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AU - Moores, John E.

AU - Lemmon, Mark T.

AU - Kahanpää, Henrik

AU - Rafkin, Scot C R

AU - Francis, Raymond

AU - Pla-Garcia, Jorge

AU - Bean, Keri

AU - Haberle, Robert

AU - Newman, Claire

AU - Mischna, Michael

AU - Vasavada, Ashwin R.

AU - de la Torre Juárez, Manuel

AU - Rennó, Nilton

AU - Bell, James

AU - Calef, Fred

AU - Cantor, Bruce

AU - Mcconnochie, Timothy H.

AU - Harri, Ari Matti

AU - Genzer, Maria

AU - Wong, Michael H.

AU - Smith, Michael D.

AU - Martín-Torres, F. Javier

AU - Zorzano, María Paz

AU - Kemppinen, Osku

AU - McCullough, Emily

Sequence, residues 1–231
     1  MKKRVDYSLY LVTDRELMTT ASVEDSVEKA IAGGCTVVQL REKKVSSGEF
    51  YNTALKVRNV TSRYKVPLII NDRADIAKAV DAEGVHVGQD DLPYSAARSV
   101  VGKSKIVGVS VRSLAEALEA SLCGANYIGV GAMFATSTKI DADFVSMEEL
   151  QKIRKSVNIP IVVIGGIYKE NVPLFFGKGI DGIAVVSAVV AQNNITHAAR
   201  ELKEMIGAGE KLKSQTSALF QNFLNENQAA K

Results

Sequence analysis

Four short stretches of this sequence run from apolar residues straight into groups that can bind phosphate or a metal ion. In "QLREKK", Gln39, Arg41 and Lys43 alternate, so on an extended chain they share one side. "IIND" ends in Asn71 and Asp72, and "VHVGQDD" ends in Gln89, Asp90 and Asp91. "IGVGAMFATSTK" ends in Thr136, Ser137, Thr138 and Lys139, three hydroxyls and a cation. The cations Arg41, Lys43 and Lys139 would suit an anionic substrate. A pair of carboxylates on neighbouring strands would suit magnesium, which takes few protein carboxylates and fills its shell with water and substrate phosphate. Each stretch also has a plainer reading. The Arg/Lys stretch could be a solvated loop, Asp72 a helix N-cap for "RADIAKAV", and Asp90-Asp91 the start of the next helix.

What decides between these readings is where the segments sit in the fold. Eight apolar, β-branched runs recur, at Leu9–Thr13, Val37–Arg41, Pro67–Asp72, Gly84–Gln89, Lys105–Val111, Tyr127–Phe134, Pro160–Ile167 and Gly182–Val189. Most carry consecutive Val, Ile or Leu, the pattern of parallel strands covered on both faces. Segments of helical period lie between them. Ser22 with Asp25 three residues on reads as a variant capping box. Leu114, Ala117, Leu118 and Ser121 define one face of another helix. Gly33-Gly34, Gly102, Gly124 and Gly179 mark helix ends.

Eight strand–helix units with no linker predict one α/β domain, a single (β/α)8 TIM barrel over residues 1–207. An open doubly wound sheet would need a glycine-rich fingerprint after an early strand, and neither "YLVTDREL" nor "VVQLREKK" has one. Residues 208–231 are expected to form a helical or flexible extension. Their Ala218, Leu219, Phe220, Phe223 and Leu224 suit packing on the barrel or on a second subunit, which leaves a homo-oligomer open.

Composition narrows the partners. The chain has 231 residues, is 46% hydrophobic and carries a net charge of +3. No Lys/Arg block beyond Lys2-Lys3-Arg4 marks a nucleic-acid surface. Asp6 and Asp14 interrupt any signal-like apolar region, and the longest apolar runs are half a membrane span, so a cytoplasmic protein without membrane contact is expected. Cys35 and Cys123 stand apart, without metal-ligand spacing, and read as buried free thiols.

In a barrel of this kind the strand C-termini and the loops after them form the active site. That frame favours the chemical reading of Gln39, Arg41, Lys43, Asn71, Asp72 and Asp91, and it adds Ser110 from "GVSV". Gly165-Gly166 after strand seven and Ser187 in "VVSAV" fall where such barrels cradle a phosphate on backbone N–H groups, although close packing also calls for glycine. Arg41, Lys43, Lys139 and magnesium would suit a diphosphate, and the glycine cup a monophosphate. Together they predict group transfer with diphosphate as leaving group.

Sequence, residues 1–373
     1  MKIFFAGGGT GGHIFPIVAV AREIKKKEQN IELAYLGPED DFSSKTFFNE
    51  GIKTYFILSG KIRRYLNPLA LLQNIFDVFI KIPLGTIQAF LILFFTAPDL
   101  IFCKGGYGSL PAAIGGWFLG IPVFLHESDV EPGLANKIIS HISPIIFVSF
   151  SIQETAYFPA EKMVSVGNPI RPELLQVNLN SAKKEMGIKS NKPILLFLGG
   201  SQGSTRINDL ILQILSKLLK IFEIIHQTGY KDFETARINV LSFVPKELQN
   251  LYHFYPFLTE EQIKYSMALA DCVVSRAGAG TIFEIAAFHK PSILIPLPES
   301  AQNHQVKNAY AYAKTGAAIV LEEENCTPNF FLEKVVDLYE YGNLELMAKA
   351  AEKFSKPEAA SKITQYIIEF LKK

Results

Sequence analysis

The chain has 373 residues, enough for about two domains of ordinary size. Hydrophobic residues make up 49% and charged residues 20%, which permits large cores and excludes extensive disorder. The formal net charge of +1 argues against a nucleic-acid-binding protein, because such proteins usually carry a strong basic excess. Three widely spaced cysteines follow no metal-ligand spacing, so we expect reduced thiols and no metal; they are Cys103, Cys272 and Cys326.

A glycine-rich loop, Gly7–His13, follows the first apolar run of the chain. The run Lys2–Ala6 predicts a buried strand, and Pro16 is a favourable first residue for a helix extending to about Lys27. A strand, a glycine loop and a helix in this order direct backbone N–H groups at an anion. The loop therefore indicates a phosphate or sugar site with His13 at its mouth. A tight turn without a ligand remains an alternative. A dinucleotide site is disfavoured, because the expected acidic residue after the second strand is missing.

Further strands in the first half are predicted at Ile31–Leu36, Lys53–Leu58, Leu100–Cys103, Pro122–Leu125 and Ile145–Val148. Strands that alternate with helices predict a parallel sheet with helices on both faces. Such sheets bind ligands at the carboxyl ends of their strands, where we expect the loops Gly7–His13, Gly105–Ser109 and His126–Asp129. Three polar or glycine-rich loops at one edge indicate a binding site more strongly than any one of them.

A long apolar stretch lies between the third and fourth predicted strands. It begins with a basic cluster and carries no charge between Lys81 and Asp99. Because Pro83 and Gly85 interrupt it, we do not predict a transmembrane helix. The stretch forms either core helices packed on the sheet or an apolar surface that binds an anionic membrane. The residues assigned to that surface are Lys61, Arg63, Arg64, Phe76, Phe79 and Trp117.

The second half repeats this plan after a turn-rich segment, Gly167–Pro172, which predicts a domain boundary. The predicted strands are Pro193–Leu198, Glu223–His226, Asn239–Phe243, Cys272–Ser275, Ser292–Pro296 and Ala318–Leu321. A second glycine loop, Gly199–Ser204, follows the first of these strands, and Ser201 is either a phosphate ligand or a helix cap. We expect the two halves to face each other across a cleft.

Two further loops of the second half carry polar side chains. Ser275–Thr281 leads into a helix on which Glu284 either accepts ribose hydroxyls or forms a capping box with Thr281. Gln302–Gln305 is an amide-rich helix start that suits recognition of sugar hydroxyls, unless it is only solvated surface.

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N2 - The Navigation Cameras (Navcam) of the Mars Science Laboratory rover, Curiosity, have been used to examine two aspects of the planetary boundary layer: vertical dust distribution and dust devil frequency. The vertical distribution of dust may be obtained by using observations of the distant crater rim to derive a line-of-sight optical depth within Gale Crater and comparing this optical depth to column optical depths obtained using Mastcam observations of the solar disc. The line of sight method consistently produces lower extinctions within the crater compared to the bulk atmosphere. This suggests a relatively stable atmosphere in which dust may settle out leaving the air within the crater clearer than air above and explains the correlation in observed column opacity between the floor of Gale Crater and the higher elevation Meridiani Planum. In the case of dust devils, despite an extensive campaign only one optically thick vortex (τ=1.5±0.5×10-3) was observed compared to 149 pressure events > 0.5Pa observed in REMS pressure data. Correcting for temporal coverage by REMS and geographic coverage by Navcam still suggests 104 vortices should have been viewable, suggesting that most vortices are dustless. Additionally, the most intense pressure excursions observed on other landing sites (pressure drop >2.5Pa) are lacking from the observations by the REMS instrument. Taken together, these observations are consistent with pre-landing circulation modeling of the crater showing a suppressed, shallow boundary layer. They are further consistent with geological observations of dust that suggests the northern portion of the crater is a sink for dust in the current era.